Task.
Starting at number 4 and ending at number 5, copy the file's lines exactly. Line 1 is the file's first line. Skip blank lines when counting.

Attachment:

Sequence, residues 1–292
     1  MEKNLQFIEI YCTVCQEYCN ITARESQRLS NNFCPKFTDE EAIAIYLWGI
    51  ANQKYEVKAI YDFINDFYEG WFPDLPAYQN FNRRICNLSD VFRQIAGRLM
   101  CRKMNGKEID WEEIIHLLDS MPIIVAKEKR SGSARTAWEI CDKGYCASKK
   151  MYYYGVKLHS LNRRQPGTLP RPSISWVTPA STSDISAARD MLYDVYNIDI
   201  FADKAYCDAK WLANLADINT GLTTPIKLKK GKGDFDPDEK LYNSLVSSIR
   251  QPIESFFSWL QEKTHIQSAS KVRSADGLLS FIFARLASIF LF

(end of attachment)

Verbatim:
   101  CRKMNGKEID WEEIIHLLDS MPIIVAKEKR SGSARTAWEI CDKGYCASKK
   151  MYYYGVKLHS LNRRQPGTLP RPSISWVTPA STSDISAARD MLYDVYNIDI